The California legislature is considering a bill which would make it illegal to discriminate against an employee who uses medical marijuana. The bill has support among voters, but there is a strong likelihood that Republicans in the legislature will complain “on behalf” of insurers and business owners, even though it is already illegal to discriminate against employees for medical conditions requiring prescription drugs. The bill would clarify several points, including allowing prisoners to use medical herb in jail, and allowing employers to prevent the use of medical marijuana during work hours. The bill has a fair chance of passing, and a similar bill passed in 2008 but Governator Schwarzenegger vetoed it. It remains to be seen if Brown will do better.
At the federal level, a group of governors of states with medical marijuana laws has approached Obama asking him to reschedule medical marijuana to allow doctors to dispense it. On analysis, that seems like a good plan for Obama to reschedule and “medicalize” cannabis, since it would essentially require the drug to go through the same testing and protocol as other drugs, removing it from the hands of the people and giving it to pharmaceutical factories, thus a “Devil’s deal” which gives the people what they ask for, but not what they want.
In the meantime, the people continue to lead, as there are more marijuana legalization and medical marijuana regulation bills before legislators and voters than ever. California recently reduced illegal possession of small amounts to an infraction.
Indeed, a November 2011 EMC poll showed continued strong support among the people for continued decriminalization and even legalization.
Key findings of the California voter survey:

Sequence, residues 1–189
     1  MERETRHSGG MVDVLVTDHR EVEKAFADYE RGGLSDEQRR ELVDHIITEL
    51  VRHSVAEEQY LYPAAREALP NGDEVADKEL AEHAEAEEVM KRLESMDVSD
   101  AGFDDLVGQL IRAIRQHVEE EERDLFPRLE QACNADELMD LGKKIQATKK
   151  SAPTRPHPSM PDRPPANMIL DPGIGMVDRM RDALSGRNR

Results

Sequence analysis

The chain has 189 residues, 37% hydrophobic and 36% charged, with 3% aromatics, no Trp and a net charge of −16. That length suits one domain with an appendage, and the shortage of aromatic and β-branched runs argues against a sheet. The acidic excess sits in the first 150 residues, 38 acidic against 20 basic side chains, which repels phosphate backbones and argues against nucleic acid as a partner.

By a large margin, California voters support the state’s law allowing the use of marijuana for medical reasons. More than 7 in 10 (71%) of voters favor the law, and only 26% oppose it.
Voters strongly support employment rights for medical marijuana patients. Two in three voters (66%) agree and only 28% of voters disagree with the statement employers should not be allowed to discriminate against workers who use medical marijuana off the job.
Voters also support changing criminal penalties for certain marijuana offenses from felonies to misdemeanors. A 58% majority say they support a change in the law that would reduce penalties for lesser marijuana sales, cultivation and transportation offenses from felonies to misdemeanors.
A majority of voters (52%) continue to support legalization of marijuana in general.
Research is showing that cannabis has many legitimate uses. An Italian study has shown that a cannabinoid can reduce colon cancer growth; an Israeli study demonstrates that for patients with inflammatory bowel disease cannabis improves quality of life and facilitates weight gain; a study published in Harm Reduction Journal says that cannabis might reduce the number of deaths associated with pain medications. A British study recently showed that cannabis use is not associated with long term cognitive changes, and a Journal of the American Medical Association shows no pulmonary impairment for moderate long term users. Still, Obama isn’t really creating the issue over cannabis, the issue is over federal control, and specifically, the control over the states by the executive branch.
Patriots can help by supporting efforts which restore the option of cannabis use for medicine, or for any reasonable purpose. Begin by allowing people who use medical cannabis to make a legitimate living. Support AB 129 by calling Ted Gaines at (916) 651-4001 and telling him to support the bill which restores ordinary rights to medical marijuana users.